U.S. stocks are rising after slumping earlier this week as investors digest the potential for rate hikes this month and a Russia–Ukraine war that may last years.
Bond yields jumped as Federal Reserve Chair Jerome Powell released prepared remarks indicating the Fed still aims to raise interest rates at the next FOMC meeting this month. Crude oil passed $112 a barrel, and natural gas gained, on supply concerns.
- U.S. stocks are rising after slumping earlier this week as investors digest the potential for rate hikes this month and a Russia/Ukraine war that may last years.
- European stocks gained as crude oil passes $112 a barrel.
- President Biden last night announced a halt to Russian flights to the U.S., and Fed officials said they expect a rate hike this month.
Share gains in the U.S. and Europe follow yesterday's sell-off when all major U.S. indexes each lost 1.5% or more. Today the yield on the 10-year Treasury note fell to 1.7%, down from last month's high of 2.01%, as investors continued to seek the safety of government-backed bonds.
Oil's increase comes despite plans to release 60 million barrels from global strategic reserves and OPEC's decision today to continue raising output modestly. Other commodities sensitive to Eastern Europe geopolitics, like wheat and corn, continued rising.
More U.S. companies, including ExxonMobil Corp. (XOM), Boeing Co. (BA), Apple Inc. (AAPL), and Ford Motor Co. (F) joined the ranks of those restricting or halting business activities in Russia in response to its invasion of Ukraine.
This morning, payroll provider ADP reported U.S. private payrolls increased by 475,000 jobs in February, far exceeding expectations of 388,000.
Companies reporting their latest financial results include Okta Inc. (OKTA), Snowflake Inc. (SNOW), and Splunk Inc. (SPLK). Dollar Tree Inc. (DLTR) shares fell on its revenue outlook. The Federal Reserve will also issue its Beige Book survey of economic conditions across the country later today.
The euro weakened against the dollar and the ruble continues its plummet.
Quick Hits: Today's Headlines
- Rivian Automotive Inc. (RIVN) shares fell after it said it's raising electrical vehicle prices by 20% due to inflationary pressures and higher component costs. Its R1T electric pickup trucks has gone up by about 17% and its R1S sport utility vehicles will rise by about 20%.
- Ford shares surged after it said it will split its electric vehicle and traditional gas autos into separate businesses. The company will also breakout financial results for the new divisions by 2023, as it revised its projections for production and profitability of its electric vehicles.
- Salesforce.com Inc.'s (CRM) quarterly sales passed $7 billion for the first time, as demand for its cloud-based services increased. The company also raised its sales outlook for the year as it thrives after the pandemic pushed industries and governments to purchase its digital tools and services as they shifted to remote work.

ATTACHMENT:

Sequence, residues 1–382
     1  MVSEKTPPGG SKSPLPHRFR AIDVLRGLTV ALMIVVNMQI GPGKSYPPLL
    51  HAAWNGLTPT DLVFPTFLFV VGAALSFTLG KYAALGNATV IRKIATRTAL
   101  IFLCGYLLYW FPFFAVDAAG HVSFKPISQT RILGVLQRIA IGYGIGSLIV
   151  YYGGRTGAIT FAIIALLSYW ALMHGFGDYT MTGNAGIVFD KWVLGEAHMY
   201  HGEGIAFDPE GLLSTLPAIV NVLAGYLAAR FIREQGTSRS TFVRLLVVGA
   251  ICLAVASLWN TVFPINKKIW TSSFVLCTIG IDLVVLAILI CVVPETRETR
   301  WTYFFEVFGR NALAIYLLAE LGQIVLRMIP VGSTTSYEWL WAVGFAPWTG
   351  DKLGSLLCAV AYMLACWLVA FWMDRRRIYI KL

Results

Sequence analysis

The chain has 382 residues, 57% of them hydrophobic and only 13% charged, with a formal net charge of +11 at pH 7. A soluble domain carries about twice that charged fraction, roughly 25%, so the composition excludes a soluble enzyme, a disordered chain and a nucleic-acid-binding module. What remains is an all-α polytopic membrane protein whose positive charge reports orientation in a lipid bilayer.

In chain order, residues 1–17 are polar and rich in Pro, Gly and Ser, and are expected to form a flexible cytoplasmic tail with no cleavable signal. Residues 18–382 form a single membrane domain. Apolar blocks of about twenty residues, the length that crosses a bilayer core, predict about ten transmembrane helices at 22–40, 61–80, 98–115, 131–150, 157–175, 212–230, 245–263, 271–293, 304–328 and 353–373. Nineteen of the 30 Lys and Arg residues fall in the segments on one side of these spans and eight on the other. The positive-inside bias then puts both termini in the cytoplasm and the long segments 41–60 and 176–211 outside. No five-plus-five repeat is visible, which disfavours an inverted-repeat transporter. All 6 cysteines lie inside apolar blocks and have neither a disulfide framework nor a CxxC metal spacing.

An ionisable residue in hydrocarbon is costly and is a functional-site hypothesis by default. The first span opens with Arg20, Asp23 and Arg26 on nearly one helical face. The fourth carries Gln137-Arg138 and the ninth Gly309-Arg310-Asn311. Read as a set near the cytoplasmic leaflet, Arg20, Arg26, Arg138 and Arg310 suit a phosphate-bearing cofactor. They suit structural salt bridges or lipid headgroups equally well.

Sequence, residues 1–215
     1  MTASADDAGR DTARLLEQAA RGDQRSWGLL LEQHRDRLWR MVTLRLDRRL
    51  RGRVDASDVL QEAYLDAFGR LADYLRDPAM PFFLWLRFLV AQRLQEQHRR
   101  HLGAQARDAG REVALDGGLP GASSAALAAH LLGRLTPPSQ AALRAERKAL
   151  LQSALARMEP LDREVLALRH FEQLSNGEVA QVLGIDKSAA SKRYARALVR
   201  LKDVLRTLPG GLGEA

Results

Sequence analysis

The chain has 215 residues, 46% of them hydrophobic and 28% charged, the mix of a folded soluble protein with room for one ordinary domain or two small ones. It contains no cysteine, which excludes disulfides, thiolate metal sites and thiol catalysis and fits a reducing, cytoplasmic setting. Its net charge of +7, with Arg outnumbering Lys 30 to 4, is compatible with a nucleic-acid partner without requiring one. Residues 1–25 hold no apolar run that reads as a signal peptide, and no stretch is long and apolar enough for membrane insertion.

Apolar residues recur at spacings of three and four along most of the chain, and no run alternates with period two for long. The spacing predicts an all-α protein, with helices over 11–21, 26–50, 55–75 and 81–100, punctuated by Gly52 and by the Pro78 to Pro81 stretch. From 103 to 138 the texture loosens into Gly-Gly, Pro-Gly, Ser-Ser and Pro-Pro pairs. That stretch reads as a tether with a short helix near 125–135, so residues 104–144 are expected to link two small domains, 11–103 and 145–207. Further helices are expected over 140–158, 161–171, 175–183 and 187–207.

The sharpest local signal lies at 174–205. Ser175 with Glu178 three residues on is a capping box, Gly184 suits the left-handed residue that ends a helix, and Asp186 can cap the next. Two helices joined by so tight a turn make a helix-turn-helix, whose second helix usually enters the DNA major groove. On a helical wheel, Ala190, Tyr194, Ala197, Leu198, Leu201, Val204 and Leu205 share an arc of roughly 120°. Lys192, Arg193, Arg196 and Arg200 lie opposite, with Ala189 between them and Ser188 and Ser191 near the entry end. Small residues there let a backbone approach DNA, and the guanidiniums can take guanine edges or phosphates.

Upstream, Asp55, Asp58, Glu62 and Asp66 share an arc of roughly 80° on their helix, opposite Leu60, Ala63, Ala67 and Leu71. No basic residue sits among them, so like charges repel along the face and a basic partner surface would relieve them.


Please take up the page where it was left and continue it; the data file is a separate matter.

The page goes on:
- Shares of SoFi Technologies Inc. (SOFI) surged after the company reported earnings and raised its forecast for the current year. The digital financial services company reported a quarterly loss that was narrower than analyst estimates.
- GM Co. (GM) has sold its stake in embattled electric vehicle maker Lordstown Motors Corp. (RIDE) after the EV company announced plans to sell only 3,000 vehicles through next year. GM owned about 7.5 million shares of Lordstown worth about $75 million.
- Nvidia Corp. (NVDA) said a cyber attacker leaked employee and company information after a systems breach. Nvidia said it is working to analyze the information that has been leaked and does not anticipate any disruption to the company's business.
- Slot machine and game developer Scientific Games Corp.'s (SGMS) shares fell after reports that it plans to rebrand itself as Light & Wonder. The change came after Scientific Games shed its lottery and sports-betting businesses to focus on content for casinos and online gambling.
The Big Story: Oil Supply Fears Fuel Surge
Oil prices surged more than 7% today even as governments agreed to release crude oil reserves on concerns about supply disruptions after Russia’s invasion of Ukraine. Light sweet crude is crossing $110 a barrel for the first time since April 2011.
The U.S. and the International Energy Agency (IEA) agreed to release 60 million barrels from oil stockpiles. The members of the IEA include the U.S., Japan, and many European countries. The amount was lower than original estimates of 70 million barrels, and will include 30 million barrels from the U.S. The release follows the Biden administration’s decision to release 50 million barrels back in November. For context, the U.S. consumes an average of 20.6 million barrels of oil per day.
Russia is the world’s third-largest oil producer and responsible for more than 10% of the global supply, according to the EIA. Russian crude oil accounts for just 3% of U.S. crude oil imports, according to the American Fuel & Petrochemical Manufacturers (AFPM). U.S. lawmakers have been pressing the Biden administration to target those imports, a move the White House has resisted over fears about increasing prices.
OPEC and its allies met by video conference today and agreed to continue modest output increases. The group, which includes Russia, has been increasing production by a modest 400,000 barrels a day, despite pressure from the U.S. to increase output to bring down oil prices. OPEC delegates have said the release of oil from strategic reserves would not affect its decisions. Saudi Arabia has said the oil market is well supplied, and that the run-up in prices is due to speculation.